positive sonographic (USG) or magnetic resonance imaging (MRI) evidence of placenta previa, all the cases which had crossed a period of viability and with past history of at least one cesarean section. Those with unavailable medical records and lost to follow-up, multiple gestations, women with past history of bleeding disorders expected to affect amount of bleeding, patient with uterine myoma or fibroid, cesarean section due to maternal/fetal indication such as chronic medical condition: psychiatric disorders, fetal distress; likely to interfere the treatment were excluded. Emergency CS was done in the patient with severe uncontrolled vaginal bleeding during the period of observation and is less than 36 weeks as well as refractive to conservative management. Those patients with controlled vaginal bleeding with conservative management were recruited for elective CS. Prenatal diagnosis has established on USG or MRI finding and a history of previous CS. The abnormal placental position was further established either clinically, or by histopathological examination and after delivery.

2.1. Surgical Methods

Before the procedure, all the patients were observed as well as counselled by a multidisciplinary team that included an obstetrician, an anesthesiologist, urologist, surgeon, invasive radiologist, and neonatologist.

2.2. Preoperative Preparation

All the patients had the same preoperative preparation, all in the sterile obstetrics operation room. PPP is often associated with placental implantation deep to uterine serosa, invading the posterior wall of the bladder. In such cases, bladder and anterior wall of uterus are adhered to each other, which lead to difficult placental delivery and massive postpartum haemorrhage. Bladder and ureter can be injured during adhenolysis process. Sufficient preoperative preparation is important in pernicious placenta previa. Preoperative preparation includes blood and blood products, ureter stent, cystoscopy, central venous catheter.

2.3. Anaesthesia

Among 188 patients, 93 patient received combined spinal and epidural anaesthesia, 72 patients lumbar and hard combined with general anaesthesia, 18 patients were operated under general anaesthesia, while 5 patients were operated under spinal.

2.4. Surgical Procedure

Under the influence of anaesthesia patient was catheterized and placed in the Lloyd Davies position. The abdomen was opened in layers, Pfannenstiel incision was given in skin and removal of the previous scar was carried out. In most of the cases, due to previous cesarean section pelvic adhesion is more likely in PPP. Careful pelvic adhenolysis was done for the better view of the operation field. Lower uterine segment was identified after opening the peritoneum. Furthermore, careful bladder dissection and reflection of the bladder was done to avoid bladder injury. After the uterine incision at the lower uterine segment, the uterine cavity was opened by tearing the uterine muscle layer and the uterine cavity is evacuated. Finally, delivery of baby and placenta was done carefully. Placental bed was checked for bleeding points. Oxytocin 10U was injected in the fundus of the uterus after delivery of the fetus. Two doses of Hemabate (prostaglandinF2α) 250 µg given immediately after oxytocin injection, one into the fundus of the uterus and another into the deltoid muscle of mother. Firstly, in all the bleeding cases bimanual compression was done. In uncontrolled bleeding cases even after bimanual compression, surgical suture techniques were used.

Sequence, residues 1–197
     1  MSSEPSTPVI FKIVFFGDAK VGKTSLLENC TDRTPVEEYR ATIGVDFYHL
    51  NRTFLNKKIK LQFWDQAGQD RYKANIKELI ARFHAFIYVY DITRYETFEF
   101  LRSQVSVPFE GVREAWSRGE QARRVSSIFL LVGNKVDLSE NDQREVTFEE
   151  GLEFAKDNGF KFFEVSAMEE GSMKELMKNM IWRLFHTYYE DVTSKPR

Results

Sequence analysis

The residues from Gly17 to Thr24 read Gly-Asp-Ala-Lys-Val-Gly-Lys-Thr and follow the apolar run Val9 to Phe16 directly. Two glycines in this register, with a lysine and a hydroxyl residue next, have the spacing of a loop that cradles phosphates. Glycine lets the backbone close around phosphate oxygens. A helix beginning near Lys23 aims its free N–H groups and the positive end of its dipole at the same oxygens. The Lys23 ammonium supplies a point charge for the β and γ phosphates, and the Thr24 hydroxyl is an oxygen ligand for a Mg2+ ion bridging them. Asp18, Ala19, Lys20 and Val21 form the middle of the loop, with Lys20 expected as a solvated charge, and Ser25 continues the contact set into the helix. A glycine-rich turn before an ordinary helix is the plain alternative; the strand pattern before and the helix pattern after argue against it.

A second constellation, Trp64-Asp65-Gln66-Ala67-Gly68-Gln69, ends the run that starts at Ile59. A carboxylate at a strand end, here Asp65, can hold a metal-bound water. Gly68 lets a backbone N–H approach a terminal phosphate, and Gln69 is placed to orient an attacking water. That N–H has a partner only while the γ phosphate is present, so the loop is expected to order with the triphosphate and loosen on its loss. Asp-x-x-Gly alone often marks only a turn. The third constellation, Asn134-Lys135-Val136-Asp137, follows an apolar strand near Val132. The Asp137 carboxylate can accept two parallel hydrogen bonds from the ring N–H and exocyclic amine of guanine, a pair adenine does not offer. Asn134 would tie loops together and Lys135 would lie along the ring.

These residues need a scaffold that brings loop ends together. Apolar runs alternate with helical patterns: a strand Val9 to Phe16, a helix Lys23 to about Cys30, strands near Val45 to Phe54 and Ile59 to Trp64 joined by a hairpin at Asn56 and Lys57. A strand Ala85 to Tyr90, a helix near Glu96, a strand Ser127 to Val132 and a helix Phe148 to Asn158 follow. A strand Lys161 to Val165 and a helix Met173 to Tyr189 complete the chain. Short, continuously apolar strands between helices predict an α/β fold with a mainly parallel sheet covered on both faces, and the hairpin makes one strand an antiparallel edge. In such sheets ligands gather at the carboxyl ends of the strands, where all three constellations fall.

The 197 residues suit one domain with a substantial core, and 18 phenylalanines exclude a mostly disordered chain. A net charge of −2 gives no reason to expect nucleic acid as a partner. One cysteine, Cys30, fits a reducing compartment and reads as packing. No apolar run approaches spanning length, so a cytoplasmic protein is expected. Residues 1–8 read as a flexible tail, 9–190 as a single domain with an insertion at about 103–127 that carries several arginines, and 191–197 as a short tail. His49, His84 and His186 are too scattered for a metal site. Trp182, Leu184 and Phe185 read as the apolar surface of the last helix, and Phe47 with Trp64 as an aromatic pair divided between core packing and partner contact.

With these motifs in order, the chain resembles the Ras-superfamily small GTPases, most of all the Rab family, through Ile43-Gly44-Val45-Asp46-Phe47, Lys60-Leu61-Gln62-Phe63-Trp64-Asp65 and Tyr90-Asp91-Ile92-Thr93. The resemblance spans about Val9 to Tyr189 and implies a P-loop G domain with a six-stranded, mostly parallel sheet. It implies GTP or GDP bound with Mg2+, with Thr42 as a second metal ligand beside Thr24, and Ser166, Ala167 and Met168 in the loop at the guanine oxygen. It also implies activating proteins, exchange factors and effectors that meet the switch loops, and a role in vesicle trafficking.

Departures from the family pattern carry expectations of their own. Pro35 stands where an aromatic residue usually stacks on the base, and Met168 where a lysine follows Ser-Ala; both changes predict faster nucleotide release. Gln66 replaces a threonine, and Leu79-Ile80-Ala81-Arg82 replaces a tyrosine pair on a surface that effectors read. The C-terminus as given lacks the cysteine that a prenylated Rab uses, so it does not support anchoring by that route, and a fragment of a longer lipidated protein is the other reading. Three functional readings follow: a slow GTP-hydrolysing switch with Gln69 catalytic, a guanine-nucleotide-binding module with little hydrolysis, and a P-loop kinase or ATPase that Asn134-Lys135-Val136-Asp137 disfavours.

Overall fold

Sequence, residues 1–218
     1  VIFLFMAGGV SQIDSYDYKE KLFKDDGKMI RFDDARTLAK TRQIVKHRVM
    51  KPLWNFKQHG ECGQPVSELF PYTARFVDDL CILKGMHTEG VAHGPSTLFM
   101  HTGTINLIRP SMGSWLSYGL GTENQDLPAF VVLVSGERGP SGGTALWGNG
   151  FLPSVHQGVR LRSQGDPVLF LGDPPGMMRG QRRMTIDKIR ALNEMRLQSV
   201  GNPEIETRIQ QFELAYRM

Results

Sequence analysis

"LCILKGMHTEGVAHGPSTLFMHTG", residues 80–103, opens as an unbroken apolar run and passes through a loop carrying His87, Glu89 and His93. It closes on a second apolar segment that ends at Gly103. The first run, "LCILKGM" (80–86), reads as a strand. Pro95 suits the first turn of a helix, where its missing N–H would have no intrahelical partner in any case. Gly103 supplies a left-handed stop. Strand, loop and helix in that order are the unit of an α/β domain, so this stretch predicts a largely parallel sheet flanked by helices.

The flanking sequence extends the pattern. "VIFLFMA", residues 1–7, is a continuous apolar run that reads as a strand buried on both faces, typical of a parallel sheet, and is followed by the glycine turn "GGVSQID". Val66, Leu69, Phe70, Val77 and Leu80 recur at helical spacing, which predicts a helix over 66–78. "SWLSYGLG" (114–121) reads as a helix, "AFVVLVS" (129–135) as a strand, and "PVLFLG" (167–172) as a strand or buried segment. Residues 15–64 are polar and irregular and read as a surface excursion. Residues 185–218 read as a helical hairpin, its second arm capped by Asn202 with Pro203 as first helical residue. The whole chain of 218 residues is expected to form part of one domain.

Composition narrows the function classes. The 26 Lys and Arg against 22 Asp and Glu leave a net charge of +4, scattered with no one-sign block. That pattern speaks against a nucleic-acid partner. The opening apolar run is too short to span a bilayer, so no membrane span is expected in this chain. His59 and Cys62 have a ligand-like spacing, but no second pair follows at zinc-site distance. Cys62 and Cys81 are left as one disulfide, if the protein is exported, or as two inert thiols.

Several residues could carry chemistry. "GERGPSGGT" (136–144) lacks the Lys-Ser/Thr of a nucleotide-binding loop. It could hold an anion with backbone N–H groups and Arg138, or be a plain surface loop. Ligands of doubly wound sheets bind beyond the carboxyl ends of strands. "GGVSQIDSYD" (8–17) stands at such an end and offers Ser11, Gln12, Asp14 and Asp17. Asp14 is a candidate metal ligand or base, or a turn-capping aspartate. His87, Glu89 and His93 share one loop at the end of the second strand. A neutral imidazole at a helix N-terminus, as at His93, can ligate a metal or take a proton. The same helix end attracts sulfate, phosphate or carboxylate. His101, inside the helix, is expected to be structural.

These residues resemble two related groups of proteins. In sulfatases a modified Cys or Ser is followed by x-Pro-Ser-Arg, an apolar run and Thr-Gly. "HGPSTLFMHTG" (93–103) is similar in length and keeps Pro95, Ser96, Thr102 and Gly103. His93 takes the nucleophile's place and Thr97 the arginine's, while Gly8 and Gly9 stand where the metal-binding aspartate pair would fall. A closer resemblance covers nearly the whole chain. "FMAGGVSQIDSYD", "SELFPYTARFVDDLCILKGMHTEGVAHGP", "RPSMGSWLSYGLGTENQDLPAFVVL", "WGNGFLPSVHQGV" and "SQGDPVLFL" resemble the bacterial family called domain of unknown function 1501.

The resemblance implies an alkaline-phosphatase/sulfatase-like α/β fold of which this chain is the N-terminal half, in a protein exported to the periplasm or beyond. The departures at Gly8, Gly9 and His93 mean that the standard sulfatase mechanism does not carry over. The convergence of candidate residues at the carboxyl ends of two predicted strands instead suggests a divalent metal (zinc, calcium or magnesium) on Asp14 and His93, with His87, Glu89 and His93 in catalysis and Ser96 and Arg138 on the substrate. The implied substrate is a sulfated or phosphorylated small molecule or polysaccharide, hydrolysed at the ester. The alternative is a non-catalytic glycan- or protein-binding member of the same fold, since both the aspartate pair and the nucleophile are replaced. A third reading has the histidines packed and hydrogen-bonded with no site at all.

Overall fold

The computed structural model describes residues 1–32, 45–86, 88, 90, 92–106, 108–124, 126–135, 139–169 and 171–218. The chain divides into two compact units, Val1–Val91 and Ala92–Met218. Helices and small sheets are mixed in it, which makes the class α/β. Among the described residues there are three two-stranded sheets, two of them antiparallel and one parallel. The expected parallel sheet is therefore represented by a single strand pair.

In our hospital, if bimanual compression fails to control bleeding modified CHO suture technique was used and in atonic cases, B-lynch suture technique was done. In modified CHO suture technique, one of the uterine walls was sutured. Multiple square sutures were applied. In most cases, this suture technique had been successful to achieve hemostasis. Few cases went into atony. The atonic cases were managed with B-lynch suture technique.

2.5. Statistical Analysis

Data were analyzed using the statistical software package IBM SPSS Statistics 21. Data were expressed as mean (M) ± standard deviation (SD) if normally distributed, and Independent sample t-test was used for statistical comparison. Non normally distributed data were expressed as Median (P25, P75), and analysis was performed using Mann-Whitney-Wilcoxon test. X2 examination was used to count data comparison. A two-sided P value < 0.05 was considered to be statistically significant.

3. Results

3.1. Study Population

We assessed 217 pregnant women with a preoperative diagnosis of placenta previa who underwent CS during the study phase. After revising all the medical and surgical records 188 patients were included for further analysis, and 29 patients were excluded as explained in Figure 2. Amongst 188 women, 118 patients (62.76%) had undergone emergency CS and 70 patients (37.23%) underwent elective CS. The epidemic, as well as clinical descriptions of 188 patients with PPP who underwent CS, are concise in Table 1. At the time of CS, the mean maternal age was 32.4 ± 4.3 years (range: 22 - 47 years), the mean gravidity was 3 (Range: 2 - 4), the mean of previous CS was 1.1 ± 0.4 (Range: 1 - 2) and the mean gestational age at the time of CS was 36.1 ± 2.7 weeks (Range: 30.2 - 40 weeks). Additionally, 69 patients had placental implantation.